The first level concerns access to higher education. All the statistical evidence, which has been published since 1970 point to increasing differentiation in the social origin of students. Despite the significant progress with reference to access to higher education for all social categories, the gap continues to be considerable between the children of “privileged families” and the “unprivileged families” (working class, popular classes).

The second level of social inequality concerns the distribution of students in the various sectors of higher education. The students don’t choose the orientation of their studies in the same way. We notice certain inequalities, which reflect in much differentiated student behaviours according to the social surroundings (Sianou-Kyrgiou 2010). Indeed, sociological research clearly demonstrates that the choice of study orientation and future plans is closely linked to the social origin of the students (Paivandi 2010). The students from “privileged families” invest in orientations with greater “status” and the middle and lower classes are to be found in other orientations. The data reveal the limitations of the democratization of higher education, which sometimes shows a real social segregation by sector, level and degree program. Indeed, it seems that there is a kind of “social homogeneity” inside certain academic fields to the extent that the inequalities comprise first and foremost a “disciplinary/scientific” fact. A child of working class origin finds more students with the same background as him on short professional training courses and the reverse is also true, in a medical school, a “privileged” child meets more often students with the same background: “intermarrying” persists (Sianou-Kyrgiou and Tsiplakidis 2011).

Some students who come from the working classes often prefer to choose a university that corresponds to their social profile. They don’t want to “mix” with children from “privileged families” who are really “hostile” in their eyes. In their social reconstructions, the atmosphere and the attitude of the professors in one or another institution correspond better to their social and cultural “reality”. Face to face with this “defensive” attitude, some try to move away from their original environment to confirm a clearer social mobility and to try to avoid the label of being in "a less valued orientation» or in an “inferior” institution. The structure and organization of higher education contributes directly to the development of such a type of university division in Paris, for example. The choice of study programs which are marked by social origin seems to result from structures set up to guide students but are overemphasized by the behaviour of the students themselves.

A third level of social inequality exists within the folds of higher education. Indeed, access to higher education poses two important questions, among many others. Does social origin continue to burden students’ futures? Does familiarization with the educational system and the conditions of student life bear traces of the influence of the social environment? The statistical data as far as promotion in university professions is concerned show that students from privileged backgrounds advance more often to the second and third cycle.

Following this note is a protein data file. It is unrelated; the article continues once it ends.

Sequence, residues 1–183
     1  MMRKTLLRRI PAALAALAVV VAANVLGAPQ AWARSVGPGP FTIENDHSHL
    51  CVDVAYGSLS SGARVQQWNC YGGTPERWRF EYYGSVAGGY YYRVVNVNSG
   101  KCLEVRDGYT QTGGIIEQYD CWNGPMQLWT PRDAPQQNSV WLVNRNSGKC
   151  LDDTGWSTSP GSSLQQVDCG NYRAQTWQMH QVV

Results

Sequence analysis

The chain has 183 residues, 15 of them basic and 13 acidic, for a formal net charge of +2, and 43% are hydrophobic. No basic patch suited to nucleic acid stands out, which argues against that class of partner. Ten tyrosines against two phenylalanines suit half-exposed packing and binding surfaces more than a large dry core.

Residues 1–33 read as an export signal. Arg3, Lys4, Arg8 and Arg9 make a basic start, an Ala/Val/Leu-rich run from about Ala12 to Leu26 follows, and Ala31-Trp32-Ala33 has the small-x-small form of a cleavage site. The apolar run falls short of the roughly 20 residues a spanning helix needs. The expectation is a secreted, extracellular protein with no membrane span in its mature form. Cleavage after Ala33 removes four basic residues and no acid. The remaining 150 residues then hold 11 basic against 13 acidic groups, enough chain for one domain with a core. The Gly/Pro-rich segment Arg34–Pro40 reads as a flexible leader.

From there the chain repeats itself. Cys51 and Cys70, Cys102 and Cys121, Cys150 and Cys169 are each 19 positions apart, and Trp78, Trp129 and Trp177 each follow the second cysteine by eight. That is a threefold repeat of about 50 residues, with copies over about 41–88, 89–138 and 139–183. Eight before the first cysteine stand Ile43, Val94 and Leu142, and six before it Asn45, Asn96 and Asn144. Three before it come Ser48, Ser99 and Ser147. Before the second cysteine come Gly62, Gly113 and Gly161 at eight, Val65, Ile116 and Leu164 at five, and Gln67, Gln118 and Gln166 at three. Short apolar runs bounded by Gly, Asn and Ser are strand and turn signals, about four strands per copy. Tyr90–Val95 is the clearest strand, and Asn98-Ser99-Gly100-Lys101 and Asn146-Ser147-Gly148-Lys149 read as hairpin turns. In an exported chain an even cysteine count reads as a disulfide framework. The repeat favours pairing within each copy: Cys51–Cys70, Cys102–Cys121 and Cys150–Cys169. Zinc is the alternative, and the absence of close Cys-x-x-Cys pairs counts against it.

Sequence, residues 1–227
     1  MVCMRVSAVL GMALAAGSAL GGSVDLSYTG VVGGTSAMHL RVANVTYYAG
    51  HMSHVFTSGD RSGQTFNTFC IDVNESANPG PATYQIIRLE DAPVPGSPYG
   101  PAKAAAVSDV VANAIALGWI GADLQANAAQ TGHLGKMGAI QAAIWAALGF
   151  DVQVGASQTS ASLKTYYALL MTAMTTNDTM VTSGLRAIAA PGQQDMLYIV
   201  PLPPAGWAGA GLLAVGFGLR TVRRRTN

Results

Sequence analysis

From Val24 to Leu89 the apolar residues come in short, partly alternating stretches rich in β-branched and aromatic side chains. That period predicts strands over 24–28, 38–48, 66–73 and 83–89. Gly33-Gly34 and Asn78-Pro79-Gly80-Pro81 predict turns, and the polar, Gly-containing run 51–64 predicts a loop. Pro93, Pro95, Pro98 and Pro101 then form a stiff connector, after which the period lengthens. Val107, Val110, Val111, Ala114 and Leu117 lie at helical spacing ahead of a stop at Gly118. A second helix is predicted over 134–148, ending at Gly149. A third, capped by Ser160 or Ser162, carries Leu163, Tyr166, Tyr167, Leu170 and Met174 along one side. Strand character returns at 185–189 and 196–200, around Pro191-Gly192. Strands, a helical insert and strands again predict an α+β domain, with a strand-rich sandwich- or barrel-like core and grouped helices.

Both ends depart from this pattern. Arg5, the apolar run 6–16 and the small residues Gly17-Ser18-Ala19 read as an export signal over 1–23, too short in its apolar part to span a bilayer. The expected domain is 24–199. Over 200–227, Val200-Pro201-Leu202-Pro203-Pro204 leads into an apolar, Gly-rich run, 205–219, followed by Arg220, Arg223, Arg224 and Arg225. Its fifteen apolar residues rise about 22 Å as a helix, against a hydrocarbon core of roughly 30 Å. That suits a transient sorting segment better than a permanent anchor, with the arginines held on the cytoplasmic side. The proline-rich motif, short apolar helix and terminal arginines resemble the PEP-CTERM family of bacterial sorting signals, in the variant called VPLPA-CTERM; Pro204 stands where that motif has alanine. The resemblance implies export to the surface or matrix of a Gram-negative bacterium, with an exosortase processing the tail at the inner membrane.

The undoubted influence of social origin on access and post-secondary orientation should not be interpreted as a socio-educational fate. There is an unfortunate statistical reference for young people from non-privileged families. Nevertheless, some of these young people manage to overcome their educational prospects and to further continue their studies. In fact, social origin constitutes a significant factor in probabilistic and not deterministic order (Charlot, 1997). From the moment one arrives in higher education, the role of the individual and his mobilization become important factors. The university is a social space, which provides greater autonomy to social actors and the teaching mechanism isn’t “deterministic in terms of its consequences” (Bernstein, 2007). One of the first pieces of research in the sociology of the student in the USA stresses the less “discriminatory” character of the university (in comparison with the school) when dealing with the students who come from different social classes (Becker et al 1977). Hence, we can’t talk about the transfer of cultural capital and habitus as the sole factors in the production of educational behaviours and attitudes when considering learning processes as they had been depicted by Bourdieu and Passeron (1970). In contrast, we adequately discern the influence of the context of the institution on the success of the students from non-privileged families. A suitable university framework, which is respected by the students, can be an important factor in the students’ performance, and mainly the performance of those that come from disadvantaged groups. The autonomy of the university and the promotion of local systems of higher education tend to create pedagogical realities and differentiated conditions of study for the students.